A left axis deviation means that the overall direction of ventricular depolarisation is abormal and too far around towards the left shoulder. This direction can be between -30 degrees (up towards the left shoulder) to -90 degrees (vertically upwards) from horizontal. If the axis is leftward, Lead I will be positive, aVF negative and lead II negative. Left Axis Deviation can be caused by lots of things, including left ventricular hypertrophy, left bundle branch block, inferior MI, ventricular pacing, and others. The diagnosis of exclusion is left anterior fascicular block.
See also: QRS axis
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- Goldberger, A (2006) - Clinical Electrocardiography: A Simplified Approach, 9th edn, Elsevier
- Hampton, J and Hampton, J (2019) - The ECG Made Easy, 9th edn, Elsevier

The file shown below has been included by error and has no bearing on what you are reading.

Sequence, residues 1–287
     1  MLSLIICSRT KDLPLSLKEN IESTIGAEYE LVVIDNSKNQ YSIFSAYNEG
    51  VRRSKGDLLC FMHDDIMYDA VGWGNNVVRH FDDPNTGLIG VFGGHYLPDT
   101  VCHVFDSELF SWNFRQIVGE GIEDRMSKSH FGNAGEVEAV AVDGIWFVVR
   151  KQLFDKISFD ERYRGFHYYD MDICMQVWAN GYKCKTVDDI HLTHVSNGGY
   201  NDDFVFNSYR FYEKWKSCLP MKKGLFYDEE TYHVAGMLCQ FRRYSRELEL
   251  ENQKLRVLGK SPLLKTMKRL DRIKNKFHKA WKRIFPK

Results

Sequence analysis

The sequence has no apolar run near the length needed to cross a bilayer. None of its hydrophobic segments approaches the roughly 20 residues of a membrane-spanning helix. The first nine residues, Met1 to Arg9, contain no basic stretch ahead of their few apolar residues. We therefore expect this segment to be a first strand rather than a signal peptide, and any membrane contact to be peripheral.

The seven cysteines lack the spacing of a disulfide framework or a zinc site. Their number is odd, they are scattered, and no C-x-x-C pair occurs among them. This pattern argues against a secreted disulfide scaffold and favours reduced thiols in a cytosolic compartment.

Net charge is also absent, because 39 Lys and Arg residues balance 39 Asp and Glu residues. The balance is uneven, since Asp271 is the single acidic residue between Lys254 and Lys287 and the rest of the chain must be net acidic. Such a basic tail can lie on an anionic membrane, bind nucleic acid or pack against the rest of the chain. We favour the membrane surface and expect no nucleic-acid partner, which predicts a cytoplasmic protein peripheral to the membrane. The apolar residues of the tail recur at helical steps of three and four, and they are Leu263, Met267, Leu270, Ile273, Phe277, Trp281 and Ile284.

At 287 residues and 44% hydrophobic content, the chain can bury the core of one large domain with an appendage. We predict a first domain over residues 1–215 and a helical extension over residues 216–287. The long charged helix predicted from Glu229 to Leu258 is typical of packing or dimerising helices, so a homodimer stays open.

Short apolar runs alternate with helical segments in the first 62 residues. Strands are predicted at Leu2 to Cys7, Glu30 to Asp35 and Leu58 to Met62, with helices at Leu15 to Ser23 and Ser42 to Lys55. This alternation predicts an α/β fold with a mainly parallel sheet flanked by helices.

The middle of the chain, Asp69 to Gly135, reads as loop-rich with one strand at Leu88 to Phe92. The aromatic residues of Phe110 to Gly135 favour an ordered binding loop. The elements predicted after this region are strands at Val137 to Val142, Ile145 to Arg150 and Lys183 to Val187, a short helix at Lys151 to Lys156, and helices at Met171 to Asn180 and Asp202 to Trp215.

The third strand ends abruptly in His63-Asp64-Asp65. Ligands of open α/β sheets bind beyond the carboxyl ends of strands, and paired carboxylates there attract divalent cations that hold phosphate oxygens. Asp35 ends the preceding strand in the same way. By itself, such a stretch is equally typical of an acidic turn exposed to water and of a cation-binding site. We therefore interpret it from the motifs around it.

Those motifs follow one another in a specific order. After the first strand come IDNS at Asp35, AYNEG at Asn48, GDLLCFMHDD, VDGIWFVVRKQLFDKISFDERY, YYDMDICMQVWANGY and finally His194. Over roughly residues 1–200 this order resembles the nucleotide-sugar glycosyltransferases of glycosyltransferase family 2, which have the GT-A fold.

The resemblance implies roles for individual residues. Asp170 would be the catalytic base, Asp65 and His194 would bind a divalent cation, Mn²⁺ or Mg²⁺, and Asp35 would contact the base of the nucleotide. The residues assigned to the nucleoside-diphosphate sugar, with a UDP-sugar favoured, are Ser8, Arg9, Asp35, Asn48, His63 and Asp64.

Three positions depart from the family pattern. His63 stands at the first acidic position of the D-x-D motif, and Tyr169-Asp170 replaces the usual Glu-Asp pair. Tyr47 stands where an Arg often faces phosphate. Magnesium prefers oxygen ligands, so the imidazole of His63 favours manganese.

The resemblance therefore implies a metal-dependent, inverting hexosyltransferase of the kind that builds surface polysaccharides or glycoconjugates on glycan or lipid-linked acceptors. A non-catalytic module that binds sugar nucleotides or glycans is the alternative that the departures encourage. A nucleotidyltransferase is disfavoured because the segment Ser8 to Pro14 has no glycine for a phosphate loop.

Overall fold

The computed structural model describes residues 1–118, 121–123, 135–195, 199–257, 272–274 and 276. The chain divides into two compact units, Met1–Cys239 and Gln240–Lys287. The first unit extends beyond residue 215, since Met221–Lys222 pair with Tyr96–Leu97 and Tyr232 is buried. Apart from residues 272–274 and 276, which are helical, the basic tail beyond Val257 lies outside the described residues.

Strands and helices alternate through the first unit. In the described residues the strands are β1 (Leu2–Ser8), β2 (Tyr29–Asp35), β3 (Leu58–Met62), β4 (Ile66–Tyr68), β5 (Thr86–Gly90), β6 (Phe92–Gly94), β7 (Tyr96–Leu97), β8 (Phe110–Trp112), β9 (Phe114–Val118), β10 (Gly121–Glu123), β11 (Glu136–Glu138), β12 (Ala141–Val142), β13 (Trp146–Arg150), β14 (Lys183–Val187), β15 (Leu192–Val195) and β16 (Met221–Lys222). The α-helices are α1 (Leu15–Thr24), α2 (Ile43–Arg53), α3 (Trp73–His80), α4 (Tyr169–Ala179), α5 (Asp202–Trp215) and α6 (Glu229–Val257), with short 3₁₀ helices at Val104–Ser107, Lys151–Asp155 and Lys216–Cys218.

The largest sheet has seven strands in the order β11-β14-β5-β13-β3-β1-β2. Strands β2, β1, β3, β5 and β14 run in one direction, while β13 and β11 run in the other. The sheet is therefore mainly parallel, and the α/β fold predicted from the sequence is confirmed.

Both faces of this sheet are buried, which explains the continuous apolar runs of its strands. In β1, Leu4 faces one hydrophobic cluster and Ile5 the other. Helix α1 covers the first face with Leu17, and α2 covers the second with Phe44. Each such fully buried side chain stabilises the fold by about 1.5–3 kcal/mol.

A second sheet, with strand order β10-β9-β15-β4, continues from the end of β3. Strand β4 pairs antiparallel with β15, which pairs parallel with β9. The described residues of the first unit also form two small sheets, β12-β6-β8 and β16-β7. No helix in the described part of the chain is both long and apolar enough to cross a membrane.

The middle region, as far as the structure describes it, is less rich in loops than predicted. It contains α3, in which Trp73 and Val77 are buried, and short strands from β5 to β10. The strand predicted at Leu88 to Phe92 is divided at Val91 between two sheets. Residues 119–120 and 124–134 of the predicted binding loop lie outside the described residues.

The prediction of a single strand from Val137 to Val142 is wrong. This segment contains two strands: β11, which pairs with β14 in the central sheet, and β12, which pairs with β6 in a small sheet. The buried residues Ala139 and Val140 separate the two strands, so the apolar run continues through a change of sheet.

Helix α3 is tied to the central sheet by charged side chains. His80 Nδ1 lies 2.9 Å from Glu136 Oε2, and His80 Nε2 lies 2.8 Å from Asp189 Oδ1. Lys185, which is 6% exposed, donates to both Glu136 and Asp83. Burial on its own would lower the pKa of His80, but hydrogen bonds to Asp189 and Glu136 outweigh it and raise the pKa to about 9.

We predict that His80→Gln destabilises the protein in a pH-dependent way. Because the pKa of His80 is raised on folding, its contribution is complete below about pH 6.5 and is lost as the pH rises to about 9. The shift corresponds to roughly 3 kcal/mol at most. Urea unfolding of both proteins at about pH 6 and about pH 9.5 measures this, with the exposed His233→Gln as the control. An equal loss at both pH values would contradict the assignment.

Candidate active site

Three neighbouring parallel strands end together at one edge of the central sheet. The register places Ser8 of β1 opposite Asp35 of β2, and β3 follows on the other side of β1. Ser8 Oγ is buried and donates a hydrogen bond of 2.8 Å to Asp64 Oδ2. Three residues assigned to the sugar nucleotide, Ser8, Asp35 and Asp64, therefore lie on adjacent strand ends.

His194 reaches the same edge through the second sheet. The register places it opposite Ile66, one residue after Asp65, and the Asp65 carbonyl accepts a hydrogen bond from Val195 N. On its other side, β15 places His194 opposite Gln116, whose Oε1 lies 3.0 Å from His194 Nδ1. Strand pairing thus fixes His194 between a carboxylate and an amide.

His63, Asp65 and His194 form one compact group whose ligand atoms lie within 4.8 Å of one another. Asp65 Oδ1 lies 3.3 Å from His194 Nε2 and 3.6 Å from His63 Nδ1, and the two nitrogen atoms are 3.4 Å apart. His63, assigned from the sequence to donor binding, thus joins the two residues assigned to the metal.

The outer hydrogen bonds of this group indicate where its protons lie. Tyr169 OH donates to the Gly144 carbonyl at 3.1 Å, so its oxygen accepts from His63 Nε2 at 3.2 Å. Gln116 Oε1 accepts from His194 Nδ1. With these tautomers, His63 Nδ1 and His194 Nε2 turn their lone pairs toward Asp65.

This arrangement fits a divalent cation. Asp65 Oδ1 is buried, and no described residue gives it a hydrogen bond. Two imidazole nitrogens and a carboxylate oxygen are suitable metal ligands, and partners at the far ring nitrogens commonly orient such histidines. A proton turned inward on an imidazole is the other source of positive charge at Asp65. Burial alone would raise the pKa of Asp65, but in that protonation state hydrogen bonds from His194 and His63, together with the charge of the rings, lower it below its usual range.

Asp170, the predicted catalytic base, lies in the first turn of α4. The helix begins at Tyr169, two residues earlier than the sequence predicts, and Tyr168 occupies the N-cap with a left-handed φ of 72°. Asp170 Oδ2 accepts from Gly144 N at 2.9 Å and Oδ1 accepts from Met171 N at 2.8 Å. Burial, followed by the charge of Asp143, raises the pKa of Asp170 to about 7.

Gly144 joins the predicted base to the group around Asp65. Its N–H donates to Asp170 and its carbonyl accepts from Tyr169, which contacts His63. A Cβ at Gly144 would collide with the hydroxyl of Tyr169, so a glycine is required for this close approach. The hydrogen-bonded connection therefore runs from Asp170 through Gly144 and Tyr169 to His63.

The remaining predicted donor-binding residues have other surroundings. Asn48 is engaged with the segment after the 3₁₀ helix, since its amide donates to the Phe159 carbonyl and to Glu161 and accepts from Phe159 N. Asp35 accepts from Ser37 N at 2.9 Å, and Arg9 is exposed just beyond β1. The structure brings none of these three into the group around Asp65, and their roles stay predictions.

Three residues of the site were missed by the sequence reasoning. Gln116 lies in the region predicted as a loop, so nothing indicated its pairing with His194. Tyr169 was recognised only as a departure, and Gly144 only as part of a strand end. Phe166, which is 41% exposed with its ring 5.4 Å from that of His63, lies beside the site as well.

This ECG is from a man in his 50s who presented with syncope on a background of diabetes, opiate abuse and possible prior cardiac disease.
This ECG shows a supraventricular tachycardia with evidence of P waves, left axis deviation and slightly wider QRS (106 msec) likely due to LAFB, tall QRS concerning for LVH and fragmentation in V2-4 suggesting prior MI.
This ECG is from a man in his 40s who presented with chest discomfort and diaphoresis since waking a few hours earlier, on a background of prior infarction with PCI years ago, active smoking, high cholesterol and hypertension. This ECG was taken after aspirin just as he had significant relief from the pain.